The story of how an eccentric French shop-keeper and amateur film-maker attempted to locate and befriend Banksy, only to have the artist turn the camera back on its owner. The film contains... See full summary »
A documentary which challenges former Indonesian death-squad leaders to reenact their mass-killings in whichever cinematic genres they wish, including classic Hollywood crime scenarios and lavish musical numbers.
Using state-of-the-art equipment, a group of activists, led by renowned dolphin trainer Ric O'Barry, infiltrate a cove near Taijii, Japan to expose both a shocking instance of animal abuse and a serious threat to human health.
In the early 1970s, Sixto Rodriguez was a Detroit folksinger who had a short-lived recording career with only two well received but non-selling albums. Unknown to Rodriguez, his musical story continued in South Africa where he became a pop music icon and inspiration for generations. Long rumored there to be dead by suicide, a few fans in the 1990s decided to seek out the truth of their hero's fate. What follows is a bizarrely heartening story in which they found far more in their quest than they ever hoped, while a Detroit construction laborer discovered that his lost artistic dreams came true after all. Written by
Kenneth Chisholm (firstname.lastname@example.org)
A television documentary, entitled "Dead Men Don't Tour" (based on Rodriguez's tour of South Africa), is acknowledged in the film's credits. See more »
During the credits there is a spelling error - It says "Mabu Vinly" instead of "Mabu Vinyl" See more »
He had this kind of magical quality that all the genuine poets and artists have: to elevate things. To get above the mundane, the prosaic. All the bullshit. All the mediocrity that's everywhere. The artist, the artist is the pioneer.
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Rodriguez (Sugarman), is one of the greatest men I have ever known.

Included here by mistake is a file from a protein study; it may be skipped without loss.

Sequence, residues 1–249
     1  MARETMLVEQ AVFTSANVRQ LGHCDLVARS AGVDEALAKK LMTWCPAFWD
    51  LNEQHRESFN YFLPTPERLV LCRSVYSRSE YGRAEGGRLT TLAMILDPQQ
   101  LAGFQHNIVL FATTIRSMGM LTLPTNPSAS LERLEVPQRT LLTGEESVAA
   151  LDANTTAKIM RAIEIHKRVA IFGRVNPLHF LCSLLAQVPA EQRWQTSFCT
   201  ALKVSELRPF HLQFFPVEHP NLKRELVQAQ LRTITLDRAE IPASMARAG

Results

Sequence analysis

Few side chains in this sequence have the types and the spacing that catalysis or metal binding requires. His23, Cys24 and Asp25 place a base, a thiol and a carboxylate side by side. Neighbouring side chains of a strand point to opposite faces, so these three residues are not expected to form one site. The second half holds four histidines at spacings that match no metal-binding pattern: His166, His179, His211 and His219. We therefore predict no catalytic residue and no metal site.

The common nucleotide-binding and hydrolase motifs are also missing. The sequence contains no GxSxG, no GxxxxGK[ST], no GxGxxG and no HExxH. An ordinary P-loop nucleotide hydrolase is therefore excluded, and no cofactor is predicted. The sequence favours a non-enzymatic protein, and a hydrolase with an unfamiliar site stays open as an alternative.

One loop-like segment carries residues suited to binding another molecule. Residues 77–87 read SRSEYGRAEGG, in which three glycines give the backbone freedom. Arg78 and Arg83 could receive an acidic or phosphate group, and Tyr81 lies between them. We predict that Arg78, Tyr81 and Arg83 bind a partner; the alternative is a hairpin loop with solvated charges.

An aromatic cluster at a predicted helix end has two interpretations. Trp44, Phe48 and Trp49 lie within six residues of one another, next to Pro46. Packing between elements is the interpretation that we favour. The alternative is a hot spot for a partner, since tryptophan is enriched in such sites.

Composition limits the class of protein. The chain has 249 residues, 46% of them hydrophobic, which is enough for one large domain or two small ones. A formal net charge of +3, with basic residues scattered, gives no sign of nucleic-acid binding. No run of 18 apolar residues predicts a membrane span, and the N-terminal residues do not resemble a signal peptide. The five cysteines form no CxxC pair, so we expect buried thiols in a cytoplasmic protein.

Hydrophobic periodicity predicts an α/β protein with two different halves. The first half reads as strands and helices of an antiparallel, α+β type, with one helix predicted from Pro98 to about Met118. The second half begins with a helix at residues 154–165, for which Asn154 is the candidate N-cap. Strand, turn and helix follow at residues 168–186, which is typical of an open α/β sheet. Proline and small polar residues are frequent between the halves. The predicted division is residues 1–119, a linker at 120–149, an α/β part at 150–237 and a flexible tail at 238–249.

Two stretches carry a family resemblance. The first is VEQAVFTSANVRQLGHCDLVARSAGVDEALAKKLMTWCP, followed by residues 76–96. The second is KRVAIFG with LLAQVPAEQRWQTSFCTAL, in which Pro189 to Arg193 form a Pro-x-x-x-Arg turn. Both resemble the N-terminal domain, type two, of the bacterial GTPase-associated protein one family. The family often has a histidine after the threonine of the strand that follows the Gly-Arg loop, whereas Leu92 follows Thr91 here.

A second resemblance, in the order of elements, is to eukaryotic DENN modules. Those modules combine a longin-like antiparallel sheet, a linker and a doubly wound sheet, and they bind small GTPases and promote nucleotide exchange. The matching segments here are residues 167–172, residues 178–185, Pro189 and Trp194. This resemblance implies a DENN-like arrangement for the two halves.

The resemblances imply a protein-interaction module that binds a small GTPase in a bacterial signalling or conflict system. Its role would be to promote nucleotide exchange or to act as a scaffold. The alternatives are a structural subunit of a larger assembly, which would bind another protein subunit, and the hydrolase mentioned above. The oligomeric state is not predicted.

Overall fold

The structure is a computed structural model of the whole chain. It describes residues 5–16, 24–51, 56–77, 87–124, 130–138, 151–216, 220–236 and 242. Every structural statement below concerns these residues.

This isn't a review, at least I don't consider it one; I don't review on IMDb, and there's a good chance I never will; but I feel compelled to leave my experience and thoughts, though briefly, here.
I saw this movie today knowing nothing about the subject material or the man himself; after leaving the theatre into a dimming sunset I texted my friend "I have a new hero."
That is probably the greatest praise I have ever gave a film.
Soulful, touching, heartrending and uplifting, this film------ you cannot write this, you cannot make this up, it is a story of true brilliance and daunting inspiration. There is so much to commend, praise, remark about this movie... but honestly I don't want to cite any one thing because it would spoil the experience of watching the story unfold and the mystery of Sugarman being shaped weakened. The bottom line is: It is a story that is too real, poignant, and far-fetched to exist anywhere on a writer's board or in a screenplay; this is why documentaries will never die, and they will always have a reserved place in the realm of cinema, films of fiction and artistry just cannot pierce the depth that this one finds. It is one of the greatest documentaries I have ever seen, possibly the greatest.
I cried throughout the picture. A must-see.
I write this review with the intention that I hope to encourage others to go see this movie: If you do you won't regret it and if you see it years later on television, you'll regret you didn't take the chance when you had it.
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